Luna had been unaware she had moved to the U.S. from the Philippines when she was 3 years old, and always thought she had been born in California. She discovered the truth while serving time in a California prison, but did not believe it was true until she was detained by ICE the day she was released from the California Institution for Women in Corona.

Luna has a valid green card but is seeking a pardon. She worries that her criminal past will make her a target of Philippine President Rodrigo Duterte, whose war on drugs has seen a wave of extrajudicial killings of suspected drug dealers and users.
 


 

 Phal Sok: “It was a lot of work to get this pardon.”

 

 


 
In contrast, Phal Sok had his deportation order to Cambodia dismissed in November 2018 after having been granted a pardon by Gov. Brown the previous August. Sok, who is of Cambodian ethnicity, was born in a Thai refugee camp and given U.S. residency status as a refugee in Los Angeles when he was less than a year old. In 1999, when he was 17, he was tried as an adult and sent to prison for three counts of robbery with a firearm. He was unaware that this conviction  put his green card in jeopardy, and ICE detained him when he was paroled in 2015.

“I felt a sense of relief, but it was a lot of work to get this pardon. I had to get a lot of endorsements from community folks and legislative officials, such as state assembly people and members of Congress,” Sok said.

The pardon was granted to him based on his social justice work at the Youth Justice Coalition, which advocates for policy change to help young people in the justice system. The pardon helped Sok get his green card back in November 2018, and he plans to apply for U.S. citizenship to be able to travel outside the country. Although his supervision order has been terminated, he says he still feels constant anxiety from a little over two years of required check-ins with ICE.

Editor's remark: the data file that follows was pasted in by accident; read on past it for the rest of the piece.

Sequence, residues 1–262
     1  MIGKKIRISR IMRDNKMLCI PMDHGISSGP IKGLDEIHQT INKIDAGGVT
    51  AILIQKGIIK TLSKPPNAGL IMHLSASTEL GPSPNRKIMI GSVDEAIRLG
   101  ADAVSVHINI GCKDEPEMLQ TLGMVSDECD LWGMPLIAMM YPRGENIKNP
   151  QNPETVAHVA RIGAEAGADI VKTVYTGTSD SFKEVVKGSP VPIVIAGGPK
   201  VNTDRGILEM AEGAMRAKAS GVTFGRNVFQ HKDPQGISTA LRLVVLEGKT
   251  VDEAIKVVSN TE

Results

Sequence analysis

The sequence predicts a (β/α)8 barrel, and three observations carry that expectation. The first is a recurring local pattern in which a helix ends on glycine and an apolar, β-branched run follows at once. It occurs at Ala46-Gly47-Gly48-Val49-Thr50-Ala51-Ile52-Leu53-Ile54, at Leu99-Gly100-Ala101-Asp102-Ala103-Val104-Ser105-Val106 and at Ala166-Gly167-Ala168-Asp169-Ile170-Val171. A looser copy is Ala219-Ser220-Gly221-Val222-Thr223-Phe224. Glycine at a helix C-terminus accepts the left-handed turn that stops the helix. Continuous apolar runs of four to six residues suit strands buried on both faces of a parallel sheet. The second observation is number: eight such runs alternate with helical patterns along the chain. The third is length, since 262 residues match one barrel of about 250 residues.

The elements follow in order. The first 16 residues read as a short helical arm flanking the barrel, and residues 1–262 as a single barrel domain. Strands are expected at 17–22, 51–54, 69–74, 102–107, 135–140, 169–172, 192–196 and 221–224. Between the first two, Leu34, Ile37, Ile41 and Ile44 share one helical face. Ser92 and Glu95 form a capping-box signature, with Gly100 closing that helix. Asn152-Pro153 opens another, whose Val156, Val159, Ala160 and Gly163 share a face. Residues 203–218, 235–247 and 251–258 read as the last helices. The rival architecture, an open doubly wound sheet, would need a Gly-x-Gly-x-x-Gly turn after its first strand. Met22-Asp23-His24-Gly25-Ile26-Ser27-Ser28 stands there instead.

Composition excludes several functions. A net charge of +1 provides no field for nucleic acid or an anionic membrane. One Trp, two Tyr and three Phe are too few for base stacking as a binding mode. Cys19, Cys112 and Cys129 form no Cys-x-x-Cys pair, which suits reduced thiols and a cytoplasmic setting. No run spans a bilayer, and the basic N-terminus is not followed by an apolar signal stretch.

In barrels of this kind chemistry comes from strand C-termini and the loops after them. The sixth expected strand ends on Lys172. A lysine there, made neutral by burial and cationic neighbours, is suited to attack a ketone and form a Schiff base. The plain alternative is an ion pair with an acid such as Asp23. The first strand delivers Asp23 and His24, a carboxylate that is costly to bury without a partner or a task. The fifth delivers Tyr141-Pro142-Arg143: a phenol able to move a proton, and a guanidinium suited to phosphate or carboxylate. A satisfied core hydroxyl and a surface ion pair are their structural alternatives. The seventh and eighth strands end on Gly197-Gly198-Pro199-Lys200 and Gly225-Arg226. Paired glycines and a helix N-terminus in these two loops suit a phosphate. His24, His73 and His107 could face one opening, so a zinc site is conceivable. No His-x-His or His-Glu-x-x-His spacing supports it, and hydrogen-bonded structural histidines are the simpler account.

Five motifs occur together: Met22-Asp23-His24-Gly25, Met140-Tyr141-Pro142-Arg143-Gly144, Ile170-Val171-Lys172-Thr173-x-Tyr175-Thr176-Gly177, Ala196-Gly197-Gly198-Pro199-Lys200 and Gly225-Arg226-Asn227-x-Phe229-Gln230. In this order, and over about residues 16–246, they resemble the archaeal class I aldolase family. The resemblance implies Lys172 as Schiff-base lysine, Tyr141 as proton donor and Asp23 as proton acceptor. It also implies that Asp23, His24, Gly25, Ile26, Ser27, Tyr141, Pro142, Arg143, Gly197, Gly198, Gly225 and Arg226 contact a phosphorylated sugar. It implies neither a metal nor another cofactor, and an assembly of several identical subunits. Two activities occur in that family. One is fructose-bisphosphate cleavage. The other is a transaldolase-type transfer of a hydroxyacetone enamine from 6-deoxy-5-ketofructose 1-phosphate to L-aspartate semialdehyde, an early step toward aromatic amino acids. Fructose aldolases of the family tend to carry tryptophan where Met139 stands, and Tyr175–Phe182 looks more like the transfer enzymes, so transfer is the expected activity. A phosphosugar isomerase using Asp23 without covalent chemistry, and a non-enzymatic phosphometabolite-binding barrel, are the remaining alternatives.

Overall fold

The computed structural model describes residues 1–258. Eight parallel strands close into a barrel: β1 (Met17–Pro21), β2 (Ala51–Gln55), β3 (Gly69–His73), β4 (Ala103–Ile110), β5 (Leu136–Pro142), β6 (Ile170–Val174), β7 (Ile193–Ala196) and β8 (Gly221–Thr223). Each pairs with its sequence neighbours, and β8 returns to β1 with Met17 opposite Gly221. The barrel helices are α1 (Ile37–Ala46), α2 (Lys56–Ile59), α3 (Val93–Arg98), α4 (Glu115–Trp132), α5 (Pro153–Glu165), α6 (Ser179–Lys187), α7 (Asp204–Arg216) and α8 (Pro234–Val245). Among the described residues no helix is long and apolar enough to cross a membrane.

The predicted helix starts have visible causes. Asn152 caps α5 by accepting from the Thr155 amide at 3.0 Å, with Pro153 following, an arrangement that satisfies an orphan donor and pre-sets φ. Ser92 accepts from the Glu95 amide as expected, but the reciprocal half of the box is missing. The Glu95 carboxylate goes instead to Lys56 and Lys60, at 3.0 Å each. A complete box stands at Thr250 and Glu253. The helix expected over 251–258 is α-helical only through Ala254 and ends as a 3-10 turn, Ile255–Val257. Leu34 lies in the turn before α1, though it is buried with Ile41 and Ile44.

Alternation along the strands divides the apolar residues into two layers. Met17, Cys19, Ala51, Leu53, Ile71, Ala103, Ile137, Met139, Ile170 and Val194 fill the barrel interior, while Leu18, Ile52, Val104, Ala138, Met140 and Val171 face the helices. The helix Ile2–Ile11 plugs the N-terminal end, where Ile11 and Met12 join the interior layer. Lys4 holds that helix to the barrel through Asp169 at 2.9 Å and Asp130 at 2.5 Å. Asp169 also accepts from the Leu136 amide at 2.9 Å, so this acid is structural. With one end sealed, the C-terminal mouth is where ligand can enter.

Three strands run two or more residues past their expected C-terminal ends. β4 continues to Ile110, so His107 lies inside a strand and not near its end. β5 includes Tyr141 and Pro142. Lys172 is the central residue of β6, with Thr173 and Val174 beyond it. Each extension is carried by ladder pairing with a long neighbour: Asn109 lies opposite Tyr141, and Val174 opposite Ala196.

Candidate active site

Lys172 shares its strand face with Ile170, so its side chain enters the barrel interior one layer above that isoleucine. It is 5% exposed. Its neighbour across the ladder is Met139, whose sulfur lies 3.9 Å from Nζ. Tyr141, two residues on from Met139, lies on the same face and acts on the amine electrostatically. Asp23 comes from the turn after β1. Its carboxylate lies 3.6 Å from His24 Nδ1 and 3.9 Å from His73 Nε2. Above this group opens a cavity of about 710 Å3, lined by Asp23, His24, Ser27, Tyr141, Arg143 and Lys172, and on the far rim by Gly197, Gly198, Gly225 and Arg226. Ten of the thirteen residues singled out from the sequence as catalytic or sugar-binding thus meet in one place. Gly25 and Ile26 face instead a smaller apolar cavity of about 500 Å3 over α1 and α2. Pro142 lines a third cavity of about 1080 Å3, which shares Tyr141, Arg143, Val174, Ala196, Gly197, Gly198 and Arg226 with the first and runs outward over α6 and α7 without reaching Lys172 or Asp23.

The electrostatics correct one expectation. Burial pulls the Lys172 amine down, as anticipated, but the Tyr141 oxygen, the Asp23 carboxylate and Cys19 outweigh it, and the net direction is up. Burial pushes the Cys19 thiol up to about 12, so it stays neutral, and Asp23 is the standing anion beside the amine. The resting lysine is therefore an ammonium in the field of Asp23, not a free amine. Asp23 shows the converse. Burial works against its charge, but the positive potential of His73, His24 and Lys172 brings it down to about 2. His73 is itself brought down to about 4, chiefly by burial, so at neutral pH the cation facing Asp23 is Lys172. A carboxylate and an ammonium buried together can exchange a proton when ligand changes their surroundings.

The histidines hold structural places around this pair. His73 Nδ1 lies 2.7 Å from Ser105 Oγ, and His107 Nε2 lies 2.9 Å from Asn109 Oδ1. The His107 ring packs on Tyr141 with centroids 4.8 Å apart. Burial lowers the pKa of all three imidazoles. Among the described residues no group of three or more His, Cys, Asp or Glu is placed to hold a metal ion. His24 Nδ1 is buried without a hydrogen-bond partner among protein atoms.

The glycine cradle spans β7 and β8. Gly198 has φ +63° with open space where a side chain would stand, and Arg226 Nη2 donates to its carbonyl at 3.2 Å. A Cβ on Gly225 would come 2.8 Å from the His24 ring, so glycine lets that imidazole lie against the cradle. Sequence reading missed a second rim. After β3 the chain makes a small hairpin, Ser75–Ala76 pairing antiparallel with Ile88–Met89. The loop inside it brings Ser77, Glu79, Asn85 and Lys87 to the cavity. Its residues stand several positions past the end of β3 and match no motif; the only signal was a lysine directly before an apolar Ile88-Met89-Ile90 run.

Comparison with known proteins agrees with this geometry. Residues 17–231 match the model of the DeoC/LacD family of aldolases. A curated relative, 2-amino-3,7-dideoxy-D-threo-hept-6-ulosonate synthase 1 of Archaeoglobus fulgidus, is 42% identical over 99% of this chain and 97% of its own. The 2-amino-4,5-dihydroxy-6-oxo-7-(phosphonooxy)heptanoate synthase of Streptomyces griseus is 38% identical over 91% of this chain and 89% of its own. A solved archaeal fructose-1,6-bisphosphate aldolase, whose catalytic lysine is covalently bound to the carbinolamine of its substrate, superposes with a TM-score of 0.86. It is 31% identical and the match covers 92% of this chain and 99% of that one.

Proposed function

*    *    *

“We committed our crime and paid our time,” Billy Taing said. When he can, Taing stays active in the nonprofit Asian Pacific Islander Reentry and Inclusion Through Support and Empowerment (API RISE), which helps former inmates reenter society.

Taing was nervous before his October 8, 2019, check-in with ICE at L.A.’s downtown Federal Building. Every time he checked in with the agency, he had no idea if he would be detained on the spot again or even deported. “Checking in could [mean] going in and not coming back out. I could lose my job, not even having done anything wrong,” Taing said. He currently works as an electrician.
 


“We committed our crime and paid our time. I can evolve as a human being. I’m not just a number.”

— Ex-felon Houth Chhang Taing

 
The previous year his petition for a stay of removal for deportation had been denied. But then came Gov. Brown’s pardon at the end of 2018. After his October check-in, he was given a six-month extension. ICE Los Angeles assistant field office director Christian G. Menjivar said the removal process is straightforward across the board and is not based on someone’s nationality, adding that all factors in each case are reviewed individually.

Deportation is considered, Menjivar said, for someone who has committed an “egregious crime,” such as assault, murder, rape, a crime against a child, or an aggregation of minor crimes. Even if the individual served his or her sentence in the U.S. many years ago, the person can still be considered for detention and deportation if the case is deemed egregious.

Taing said his situation is better than others, since he received his pardon  in 2018. Lawyer and API RISE co-founder Paul Jung, who helped Taing with his pardon application, remembers the afternoon Taing learned he was given a pardon.

“We were cautiously optimistic when he got the call…. There was a sense of relief and a bit of surprise,” Jung said. The pardon nullifies the criminal conviction, although it does not expunge Taing’s record. Jung said the pardon would help Taing in immigration court, because the primary bases for deportation are his felonies.

With this pardon, Taing had grounds to reopen his deportation case and petition because his convictions are no longer a valid reason for him to be deported. He credits the pardon as a major factor in his case being closed by the board of immigration appeals on February 27, 2020. Taing now plans to apply for U.S. citizenship.

A pardon by the governor is no assurance that detention or deportation efforts will cease, but for those formerly incarcerated members of L.A.’s Southeast Asian community, it is seen as a way to validate efforts made to rehabilitate themselves. “I’m someone who can evolve as a human being. I’m not just a number,” said Taing.